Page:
David Cameron's attempt to give his cabinet a younger, more female face has already come under attack after it emerged the vast majority of those women promoted will not be full members of the top team.
The reshuffle saw only two new full cabinet members, with a further eight described as "attending cabinet", which limits their role.
At the same time it has emerged that the new Tory leader in the Lords, Baroness Stowell, will not be a full cabinet member as her predecessor Lord Hill was and, as a result will receive a salary of £79,000 compared to his £101,000.
Hill has left his job after being chosen as the government's new European commissioner to serve under recently-confirmed president Jean-Claude Juncker.
Labour leader in the Lords Baroness Royall claimed the move was a "snub" to women and undermined the much-trumpeted "reshuffle for women".
It is also the case that there were 20 female Tory ministers before the reshuffle and a net increase of only two following the shakeup.
Shadow minister for women, Gloria De Piero, dismissed the initiative as a damp squib saying: "David Cameron made big claims about promoting women but as usual his actions don't match his words.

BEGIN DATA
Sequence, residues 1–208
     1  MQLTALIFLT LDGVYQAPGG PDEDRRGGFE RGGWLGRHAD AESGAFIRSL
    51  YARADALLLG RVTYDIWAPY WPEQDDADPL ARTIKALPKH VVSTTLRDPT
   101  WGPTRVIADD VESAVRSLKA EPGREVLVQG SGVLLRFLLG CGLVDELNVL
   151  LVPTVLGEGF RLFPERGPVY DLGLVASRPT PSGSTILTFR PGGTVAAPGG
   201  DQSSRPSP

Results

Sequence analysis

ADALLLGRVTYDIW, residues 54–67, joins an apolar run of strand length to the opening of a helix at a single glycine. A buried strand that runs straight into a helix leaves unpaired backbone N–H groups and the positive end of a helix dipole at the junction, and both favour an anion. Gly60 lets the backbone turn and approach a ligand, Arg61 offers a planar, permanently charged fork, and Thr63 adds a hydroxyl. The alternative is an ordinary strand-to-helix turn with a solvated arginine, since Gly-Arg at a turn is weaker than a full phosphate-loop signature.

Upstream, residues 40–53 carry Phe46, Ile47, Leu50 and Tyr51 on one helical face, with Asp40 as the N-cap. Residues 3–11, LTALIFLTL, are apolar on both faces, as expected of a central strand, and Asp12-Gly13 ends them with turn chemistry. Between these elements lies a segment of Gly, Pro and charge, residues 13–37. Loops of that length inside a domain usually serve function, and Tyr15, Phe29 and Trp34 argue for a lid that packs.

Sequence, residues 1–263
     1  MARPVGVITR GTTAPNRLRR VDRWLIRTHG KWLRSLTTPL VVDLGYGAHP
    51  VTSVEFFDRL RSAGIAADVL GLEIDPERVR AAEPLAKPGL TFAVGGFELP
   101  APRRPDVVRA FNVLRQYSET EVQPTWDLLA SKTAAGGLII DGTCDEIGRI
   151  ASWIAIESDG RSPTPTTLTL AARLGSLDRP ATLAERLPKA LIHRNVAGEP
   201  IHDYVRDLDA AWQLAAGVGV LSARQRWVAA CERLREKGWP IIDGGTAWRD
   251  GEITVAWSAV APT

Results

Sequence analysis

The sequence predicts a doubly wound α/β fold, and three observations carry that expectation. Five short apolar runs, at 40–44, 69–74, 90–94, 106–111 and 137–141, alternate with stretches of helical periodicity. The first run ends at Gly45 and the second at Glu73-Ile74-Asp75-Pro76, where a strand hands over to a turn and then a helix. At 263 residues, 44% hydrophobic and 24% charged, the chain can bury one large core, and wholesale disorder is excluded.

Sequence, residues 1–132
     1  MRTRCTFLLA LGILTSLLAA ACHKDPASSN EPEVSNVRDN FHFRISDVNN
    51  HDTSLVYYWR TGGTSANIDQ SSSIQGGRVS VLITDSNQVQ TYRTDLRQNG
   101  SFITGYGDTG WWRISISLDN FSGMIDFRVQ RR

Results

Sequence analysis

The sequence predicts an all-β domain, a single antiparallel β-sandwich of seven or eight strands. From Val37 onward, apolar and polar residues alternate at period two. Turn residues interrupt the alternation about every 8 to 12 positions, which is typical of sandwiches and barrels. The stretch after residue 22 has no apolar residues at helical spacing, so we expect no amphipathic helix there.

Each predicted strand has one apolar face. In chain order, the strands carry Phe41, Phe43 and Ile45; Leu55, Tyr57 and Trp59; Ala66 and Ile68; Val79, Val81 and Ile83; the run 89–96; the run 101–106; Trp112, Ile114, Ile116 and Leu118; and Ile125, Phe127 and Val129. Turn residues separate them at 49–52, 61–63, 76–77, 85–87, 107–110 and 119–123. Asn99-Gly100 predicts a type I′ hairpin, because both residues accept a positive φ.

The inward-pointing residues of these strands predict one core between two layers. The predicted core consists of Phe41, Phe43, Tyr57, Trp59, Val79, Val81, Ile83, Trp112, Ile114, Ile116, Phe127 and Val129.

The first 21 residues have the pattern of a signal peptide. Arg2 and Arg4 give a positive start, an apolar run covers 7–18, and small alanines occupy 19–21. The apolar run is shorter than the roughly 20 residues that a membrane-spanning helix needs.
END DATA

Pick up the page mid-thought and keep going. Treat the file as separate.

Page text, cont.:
"It's clear the Tories still won't match the 44 per cent female representation of Labour's shadow cabinet under Ed Miliband."
There were also claims from Labour that the government was still packed with privately-educated ministers.
However, the average age of the cabinet has indeed dropped by 5 years to 47.
But, even as Labour was attacking the reshuffle, it was becoming clear that by far the most significant change was the creation of an election "team" of former foreign secretary William Hague and ex education secretary Michael Gove.
Gove was closely involved with Cameron and chancellor George Osborne over recent weeks in mapping out the dramatic shakeup, adding to the belief he was ready to move on from education into the new campaigning role.
Gove will become a regular feature on radio and TV and is seen by the government as a powerful communicator.
Labour, however, claim the public reaction to him has tended to be negative, even more than to Cameron and Osborne, although that may be because of his combative role at the education department.
Major reshuffles seldom end up being as they are initially spun and it may well be that this one, by far the most radical for years under any government, may yet prove to be far more about presentation for the general election than boosting female representation in key, powerful positions.